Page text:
Later this spring, Long Island Sound Study partners with the Town of Brookhaven for field trips to several of Long Island Sound Stewardship Sites, including West Meadow Beach in Stony Brook and Cedar Beach in Mt. Sinai. Opportunities like nature hikes in West Meadow Beach (pictured) provide teachers and student with opportunities to learn more about the wonders of the Sound in a hands-on format. Photo courtesy of Amy Mandelbaum, LISS/NYSG.
Stony Brook, NY, April 17, 2014 - Did you know that Long Island Sound has 33 Stewardship Areas that have been designated by the Long Island Sound Study (LISS) as areas of significant biological, scientific, and/or recreational value? Of these 33 Stewardship Areas, 14 are in New York. These 14 areas span the Sound, from Edith G. Read Wildlife Sanctuary in Westchester to Fishers Island, located two miles south of Connecticut.
To protect and enhance these special places, LISS developed a Stewardship Initiative work group that consists of federal, state, and local partners across the Sound. These partners work together to conserve the Stewardship Areas, increase access to the Sound, protect important habitats, and plan for multiple uses. The work group achieves these tasks by initiating projects to develop creative partnerships with local communities and landowners to protect and enhance the values of these ecologically important places. By promoting community involvement and using a collaborative approach, the Stewardship Initiative work group is striving to address threats and act on opportunities at the Stewardship Areas.
New York Sea Grant has played a vital role in accomplishing the goals of the LISS Stewardship Initiative work group by assisting with the development of the online Stewardship Atlas, www.lisstewardshipatlas.net, connecting students and teachers to the Stewardship Areas through citizen science monitoring and professional development workshops, and coordinating volunteer Stewardship Days, among other programs.
New York Sea Grant’s Long Island Sound Study Outreach Coordinator, Amy Mandelbaum, is currently working with the LISS Stewardship Initiative work group to coordinate Trails Day events at New York Stewardship Areas. National Trails Day, which will be held June 7-8, 2014, was developed by the American Hiking Society as a day where organizations across the United States celebrate their trails by hosting events, such as hikes, biking and horseback rides, paddling trips, bird watching, geocaching, gear demonstrations, and participating in stewardship projects.
Since 2012, LISS has sponsored National Trails Day events at Connecticut Stewardship Areas where guided walks and stewardship projects were conducted. In 2014, Trails Day events are being expanded to New York Stewardship Areas, where nature hikes, bird walks, beach cleanups, and invasive species removal activities will be conducted. These events aim to make the public aware of the recreational and biological importance of these treasured areas around the Sound.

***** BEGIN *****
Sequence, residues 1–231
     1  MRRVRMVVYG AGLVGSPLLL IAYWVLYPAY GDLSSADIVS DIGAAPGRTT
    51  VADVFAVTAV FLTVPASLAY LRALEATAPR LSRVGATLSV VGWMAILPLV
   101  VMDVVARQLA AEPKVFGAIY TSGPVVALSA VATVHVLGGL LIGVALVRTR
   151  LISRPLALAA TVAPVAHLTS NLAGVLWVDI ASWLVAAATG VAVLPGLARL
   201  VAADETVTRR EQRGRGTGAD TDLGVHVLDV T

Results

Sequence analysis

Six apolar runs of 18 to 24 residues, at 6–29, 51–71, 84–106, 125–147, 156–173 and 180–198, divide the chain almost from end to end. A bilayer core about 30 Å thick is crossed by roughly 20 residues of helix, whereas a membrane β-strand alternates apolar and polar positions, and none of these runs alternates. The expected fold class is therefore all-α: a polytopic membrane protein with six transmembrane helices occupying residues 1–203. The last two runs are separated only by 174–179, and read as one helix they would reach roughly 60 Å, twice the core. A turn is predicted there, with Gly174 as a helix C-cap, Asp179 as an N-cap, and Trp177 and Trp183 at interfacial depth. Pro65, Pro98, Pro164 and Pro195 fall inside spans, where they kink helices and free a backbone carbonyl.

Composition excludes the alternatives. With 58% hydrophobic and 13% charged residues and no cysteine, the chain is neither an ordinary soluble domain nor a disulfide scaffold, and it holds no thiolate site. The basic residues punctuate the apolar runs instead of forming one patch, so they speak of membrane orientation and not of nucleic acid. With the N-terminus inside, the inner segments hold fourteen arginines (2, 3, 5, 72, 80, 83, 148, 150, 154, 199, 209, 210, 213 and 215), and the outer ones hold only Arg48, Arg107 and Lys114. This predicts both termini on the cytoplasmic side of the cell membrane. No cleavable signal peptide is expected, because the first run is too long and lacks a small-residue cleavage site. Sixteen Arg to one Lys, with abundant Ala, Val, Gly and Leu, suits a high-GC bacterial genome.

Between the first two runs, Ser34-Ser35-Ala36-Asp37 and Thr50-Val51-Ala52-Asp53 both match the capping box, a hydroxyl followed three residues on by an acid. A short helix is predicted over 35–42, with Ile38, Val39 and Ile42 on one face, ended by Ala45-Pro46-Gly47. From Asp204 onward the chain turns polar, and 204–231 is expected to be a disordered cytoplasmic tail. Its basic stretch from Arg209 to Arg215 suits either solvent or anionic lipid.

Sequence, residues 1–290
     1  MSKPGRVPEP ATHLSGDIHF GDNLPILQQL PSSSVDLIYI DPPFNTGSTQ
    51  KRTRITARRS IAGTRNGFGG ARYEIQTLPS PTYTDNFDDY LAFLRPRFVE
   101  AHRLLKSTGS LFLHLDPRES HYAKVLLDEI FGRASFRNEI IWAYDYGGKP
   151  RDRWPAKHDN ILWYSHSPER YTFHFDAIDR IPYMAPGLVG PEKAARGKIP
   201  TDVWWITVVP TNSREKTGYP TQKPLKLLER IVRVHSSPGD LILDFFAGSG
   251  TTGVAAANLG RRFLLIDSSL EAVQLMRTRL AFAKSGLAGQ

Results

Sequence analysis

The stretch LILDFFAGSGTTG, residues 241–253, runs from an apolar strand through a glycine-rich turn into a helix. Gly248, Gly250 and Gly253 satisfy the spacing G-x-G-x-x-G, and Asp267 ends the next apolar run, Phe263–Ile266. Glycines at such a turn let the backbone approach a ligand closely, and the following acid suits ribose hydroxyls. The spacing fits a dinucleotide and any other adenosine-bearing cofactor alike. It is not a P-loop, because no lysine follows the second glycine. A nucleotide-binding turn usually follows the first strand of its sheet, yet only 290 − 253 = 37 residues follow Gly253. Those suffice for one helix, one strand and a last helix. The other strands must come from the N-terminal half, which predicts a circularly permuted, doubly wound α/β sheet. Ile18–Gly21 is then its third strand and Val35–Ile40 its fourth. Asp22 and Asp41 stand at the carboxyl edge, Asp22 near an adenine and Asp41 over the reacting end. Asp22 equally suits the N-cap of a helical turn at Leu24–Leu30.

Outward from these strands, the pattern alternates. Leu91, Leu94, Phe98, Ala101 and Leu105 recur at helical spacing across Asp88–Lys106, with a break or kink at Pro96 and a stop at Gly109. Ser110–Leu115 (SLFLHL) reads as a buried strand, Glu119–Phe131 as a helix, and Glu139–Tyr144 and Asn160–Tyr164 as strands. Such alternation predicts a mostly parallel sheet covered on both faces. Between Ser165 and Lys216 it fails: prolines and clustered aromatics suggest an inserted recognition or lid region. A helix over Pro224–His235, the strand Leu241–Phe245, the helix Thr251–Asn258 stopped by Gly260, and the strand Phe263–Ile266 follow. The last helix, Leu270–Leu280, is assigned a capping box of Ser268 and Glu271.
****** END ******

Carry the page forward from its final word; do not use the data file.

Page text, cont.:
If you would like to participate in one of the many Trails Day events in New York, refer to the LISS Web site, www.longislandsoundstudy.net, or the LISS Facebook page www.facebook.com/longislandsoundstudy.net.
—Amy Mandelbaum, LISS Outreach Coordinator
Long Island Sound is one of the 28 nationally-designated estuaries under
the NEP, which was established by Congress in 1987 to improve the
quality of Long Island Sound and other places where rivers meet the sea.
The Long Island Sound Study, conducted under the Environmental
Protection Agency’s (EPA) National Estuary Program (NEP), is a
cooperative effort between the EPA and the states of Connecticut and New
York to restore and protect the Sound and its ecosystems.
For more on what you can do to make a difference, click over to the "Get Involved" or "Stewardship" sections of the Long Island Sound Study's Web site. News on the Long Island Sound Study can also be found in New York Sea Grant's related archives.
If you would like to receive Long Island Sound Study's newsletter, please visit their site's homepage and sign up for the "e-news/print newsletter" under the "Stay Connected" box.
For daily updates and tips on how you can help protect and restore Long Island Sound, please join LISS on Facebook or, sign up for their RSS feeds.
New York Sea Grant (NYSG), a cooperative program of Cornell University
and the State University of New York, is one of 33 university-based
programs under the National Sea Grant College Program (NSGCP) of the
National Oceanic and Atmospheric Administration (NOAA). The NSGCP
engages this network of the nation’s top universities in conducting
scientific research, education, training and extension projects designed
to foster science-based decisions about the use and conservation of our
aquatic resources. Through its statewide network of integrated
services, NYSG has been promoting coastal vitality, environmental
sustainability, and citizen awareness about the State’s marine and Great
Lakes resources since 1971.
For updates on Sea Grant activities: www.nyseagrant.org has RSS, Facebook, Twitter, and YouTube links. NYSG also offers a free e-list sign up via www.nyseagrant.org/coastlines for NY Coastlines, its flagship publication, which merges with our e-newsletter, Currents, in 2014 - is published several times a year.